- Posted by Carl Lyon
- On July 2, 2015
- 0 Comments
Here at CONtv we know that there are so many areas of fandom and so few hours in the day. In order to help you decide if a specific genre, sub-genre, artist, or hobby is worth the investment of your time, we present CONtv 101. A series of “introductory level courses”,CONtv 101 is NOT your typical “best of” list. The purpose of each course is to provide you with a strong, basic understanding of each topic through a carefully selected syllabus.
Course Description: Summer camp was a rite of passage from decades gone by, an annual ritual for children to interact, learn, and grow with their peers in the great outdoors. You could play sports, learn to swim, tell spooky stories around the campfire, and all in all just have a wonderful experience that you could share with your classmates when you returned in the fall.
These innocent times proved to be more than suitable for horror, however, as the seedy underbelly of the summer camp experience could be amplified to terrifying effect: the awkward coming-of-age of pubescent kids would make them targets for killers, and their isolation would make it near impossible to be saved from their fates.
For this special summer course, we will be examining four examples of this subgenre. A final essay will be required that compares and contrasts the “rulebook” of each film’s killer, as well as the statistical probability of each film’s victims based on those rules.
Friday the 13th
When most people think of summer camp slashers, Friday the 13th is the first that comes to mind. It bears all of the qualifications of the subgenre: an isolated campground, a gaggle of irresponsible teens, and a (nubile) body count, all a result of the drowning of a young Jason Voorhees. The series sported 4 solid installments before going off the rails with copycat killers, reanimation, telekinetic teens, and an urban transplant. Then the franchise got bought by New Line Cinema, who then took it even further with parasitic worms and spacebound cyborgs. Seriously.
The recommended film for the course is Friday the 13th Part III for the introduction of Jason’s iconic hockey mask, as well as some ill-advised 3D effects that were experiencing a mini-resurgence in the 1980’s. Cocaine is a hell of a drug.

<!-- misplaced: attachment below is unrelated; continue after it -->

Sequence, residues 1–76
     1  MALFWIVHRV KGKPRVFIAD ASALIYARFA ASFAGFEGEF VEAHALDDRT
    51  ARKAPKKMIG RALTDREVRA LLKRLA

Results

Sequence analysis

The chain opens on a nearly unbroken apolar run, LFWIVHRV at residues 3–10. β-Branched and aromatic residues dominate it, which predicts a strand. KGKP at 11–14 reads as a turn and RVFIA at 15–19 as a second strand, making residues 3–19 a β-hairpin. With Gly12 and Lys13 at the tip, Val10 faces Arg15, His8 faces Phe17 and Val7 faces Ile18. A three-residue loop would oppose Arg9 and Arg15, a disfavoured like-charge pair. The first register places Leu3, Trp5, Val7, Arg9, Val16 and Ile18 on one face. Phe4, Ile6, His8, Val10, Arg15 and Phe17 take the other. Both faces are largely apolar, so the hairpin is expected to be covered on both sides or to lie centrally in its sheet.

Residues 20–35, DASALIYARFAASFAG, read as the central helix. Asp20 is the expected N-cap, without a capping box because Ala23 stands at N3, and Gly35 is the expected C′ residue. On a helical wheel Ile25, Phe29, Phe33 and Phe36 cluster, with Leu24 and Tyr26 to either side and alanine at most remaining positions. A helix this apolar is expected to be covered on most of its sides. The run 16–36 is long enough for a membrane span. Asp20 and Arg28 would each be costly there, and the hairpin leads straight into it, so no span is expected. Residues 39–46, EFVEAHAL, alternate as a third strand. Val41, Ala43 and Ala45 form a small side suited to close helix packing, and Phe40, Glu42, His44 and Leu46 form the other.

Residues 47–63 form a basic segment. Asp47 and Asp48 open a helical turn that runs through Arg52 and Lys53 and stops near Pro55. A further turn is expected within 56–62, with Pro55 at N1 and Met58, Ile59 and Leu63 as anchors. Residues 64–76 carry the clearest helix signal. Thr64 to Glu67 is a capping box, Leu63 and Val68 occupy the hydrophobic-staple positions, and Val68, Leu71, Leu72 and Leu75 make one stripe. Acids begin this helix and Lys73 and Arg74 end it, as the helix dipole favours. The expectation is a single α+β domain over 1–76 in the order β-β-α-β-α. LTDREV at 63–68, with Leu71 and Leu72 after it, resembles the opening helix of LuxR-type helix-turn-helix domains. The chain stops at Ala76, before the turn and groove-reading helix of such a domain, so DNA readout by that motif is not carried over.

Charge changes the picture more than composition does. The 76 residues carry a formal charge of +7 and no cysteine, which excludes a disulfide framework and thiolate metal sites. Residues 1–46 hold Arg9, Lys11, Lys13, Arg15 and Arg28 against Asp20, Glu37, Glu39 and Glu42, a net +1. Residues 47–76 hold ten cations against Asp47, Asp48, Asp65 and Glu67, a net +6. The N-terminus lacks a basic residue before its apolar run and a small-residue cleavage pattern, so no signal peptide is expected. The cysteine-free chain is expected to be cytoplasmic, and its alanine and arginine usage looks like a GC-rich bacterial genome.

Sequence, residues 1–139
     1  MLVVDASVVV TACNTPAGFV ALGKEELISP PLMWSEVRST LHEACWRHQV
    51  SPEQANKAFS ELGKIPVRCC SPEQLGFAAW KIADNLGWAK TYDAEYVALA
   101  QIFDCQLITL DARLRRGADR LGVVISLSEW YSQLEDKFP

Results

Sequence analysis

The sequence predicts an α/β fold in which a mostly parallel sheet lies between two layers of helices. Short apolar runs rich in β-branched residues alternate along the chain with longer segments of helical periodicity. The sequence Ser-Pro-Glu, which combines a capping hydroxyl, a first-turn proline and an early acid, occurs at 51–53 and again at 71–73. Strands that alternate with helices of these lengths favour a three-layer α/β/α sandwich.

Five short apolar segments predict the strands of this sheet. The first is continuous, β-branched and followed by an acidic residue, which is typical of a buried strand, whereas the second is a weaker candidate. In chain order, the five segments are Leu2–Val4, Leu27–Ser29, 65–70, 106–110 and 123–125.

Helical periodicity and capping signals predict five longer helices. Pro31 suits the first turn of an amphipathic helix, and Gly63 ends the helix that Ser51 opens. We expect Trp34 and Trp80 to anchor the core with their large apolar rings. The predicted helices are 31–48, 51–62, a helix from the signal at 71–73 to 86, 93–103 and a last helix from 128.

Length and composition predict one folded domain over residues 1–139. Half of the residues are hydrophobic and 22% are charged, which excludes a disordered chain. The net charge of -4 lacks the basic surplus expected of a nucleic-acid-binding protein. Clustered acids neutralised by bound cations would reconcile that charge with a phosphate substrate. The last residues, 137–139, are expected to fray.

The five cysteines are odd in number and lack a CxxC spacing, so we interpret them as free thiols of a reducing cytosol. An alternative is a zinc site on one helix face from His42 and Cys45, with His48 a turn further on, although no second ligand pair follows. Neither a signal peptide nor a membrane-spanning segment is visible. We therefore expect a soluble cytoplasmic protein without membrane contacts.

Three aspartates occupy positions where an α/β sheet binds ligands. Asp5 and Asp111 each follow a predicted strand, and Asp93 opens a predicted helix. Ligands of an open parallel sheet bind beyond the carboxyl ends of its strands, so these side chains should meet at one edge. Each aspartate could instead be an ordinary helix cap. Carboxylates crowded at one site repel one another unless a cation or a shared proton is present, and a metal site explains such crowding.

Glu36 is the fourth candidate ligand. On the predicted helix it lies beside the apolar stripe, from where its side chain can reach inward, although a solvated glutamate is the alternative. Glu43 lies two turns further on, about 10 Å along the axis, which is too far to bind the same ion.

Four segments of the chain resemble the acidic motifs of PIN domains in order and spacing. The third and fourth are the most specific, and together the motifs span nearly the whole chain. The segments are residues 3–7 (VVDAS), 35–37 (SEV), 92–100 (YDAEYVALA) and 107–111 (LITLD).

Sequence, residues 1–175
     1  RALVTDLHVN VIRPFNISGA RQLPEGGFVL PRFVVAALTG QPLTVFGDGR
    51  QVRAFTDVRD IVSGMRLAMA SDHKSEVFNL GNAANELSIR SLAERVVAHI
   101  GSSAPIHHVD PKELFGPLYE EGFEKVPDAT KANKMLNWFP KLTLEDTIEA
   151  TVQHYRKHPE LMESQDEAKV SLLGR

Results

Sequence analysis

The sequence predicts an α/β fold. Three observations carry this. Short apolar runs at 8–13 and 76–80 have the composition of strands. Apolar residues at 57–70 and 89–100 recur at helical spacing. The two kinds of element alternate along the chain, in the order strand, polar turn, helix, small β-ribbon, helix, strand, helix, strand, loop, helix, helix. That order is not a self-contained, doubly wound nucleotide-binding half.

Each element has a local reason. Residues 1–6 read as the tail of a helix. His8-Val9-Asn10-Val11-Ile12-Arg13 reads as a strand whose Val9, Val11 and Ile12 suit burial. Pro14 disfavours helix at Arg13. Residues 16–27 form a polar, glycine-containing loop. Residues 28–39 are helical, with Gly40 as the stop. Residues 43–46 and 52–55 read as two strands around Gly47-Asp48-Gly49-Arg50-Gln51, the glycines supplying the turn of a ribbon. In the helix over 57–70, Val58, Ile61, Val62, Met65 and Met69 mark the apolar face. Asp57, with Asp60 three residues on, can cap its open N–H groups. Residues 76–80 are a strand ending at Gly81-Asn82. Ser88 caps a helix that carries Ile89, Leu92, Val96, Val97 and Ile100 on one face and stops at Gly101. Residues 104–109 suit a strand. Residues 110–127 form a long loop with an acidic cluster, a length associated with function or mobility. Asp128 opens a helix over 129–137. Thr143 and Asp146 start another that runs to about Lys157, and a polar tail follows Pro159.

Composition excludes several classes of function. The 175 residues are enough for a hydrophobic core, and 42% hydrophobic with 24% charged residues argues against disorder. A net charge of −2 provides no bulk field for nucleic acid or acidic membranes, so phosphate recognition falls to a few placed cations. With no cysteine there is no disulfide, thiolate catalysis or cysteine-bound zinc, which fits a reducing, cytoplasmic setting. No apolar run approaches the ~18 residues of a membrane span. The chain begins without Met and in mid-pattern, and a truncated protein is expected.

Almost as well-known for starring a young Jason Alexander (whose hairline makes him look like he’s 40 in the film), The Burning once again hits all of the subgenre marks in its dead-simple plot. The killer this time is Cropsy, a caretaker who gets horribly burned in a “prank” played on him by the campers. After years of hospitalization, he decides that being forced to look like the inside of a s’more isn’t the life he wanted, so he claims bloody revenge on the kids that burned him.
While not the most notorious or appreciated film on this course, it bears special mention that it was one of the first films ever produced by Miramax, and it also featured makeup effects by the infamous Tom Savini.
Sleepaway Camp opens up as a cautionary tale about responsible boating, with a family torn apart (literally) by a runaway motorboat. Flash forward 8 years, and the survivor, Angela, is attending Camp Arawak with her cousin Roger. Arawak, unfortunately, is pretty much par for the course: raging hormones, undertones of pedophilia, and mysterious murders.
Sleepaway Camp is required viewing for its almost oppressive level of discomfort the whole way through, with squeamish sexuality, hazing pranks, and a twist ending that still shocks to this day.
This mostly-forgotten 1982 entry earns its place in the course for an attempt at originality: tying its story into the urban legend of “Cropsey,” which put it at odds with The Burning. Cropsey became the more generic axe murderer Madman Marz, who hunts down campers and counselors alike (including Dawn of the Dead’s Gaylen Ross) after they vandalize his cabin.
Madman is mostly relevant for its pre-production woes, which saw not only the Cropsey element excised, but the original subtitle “The Legend Lives” also being dropped to avoid conflict with a Frank Sinatra tour. Even Gaylen Ross went under the inexplicable pseudonym of Alex Dubin. What could have been a landmark film, but instead became a lost victim of oversaturation.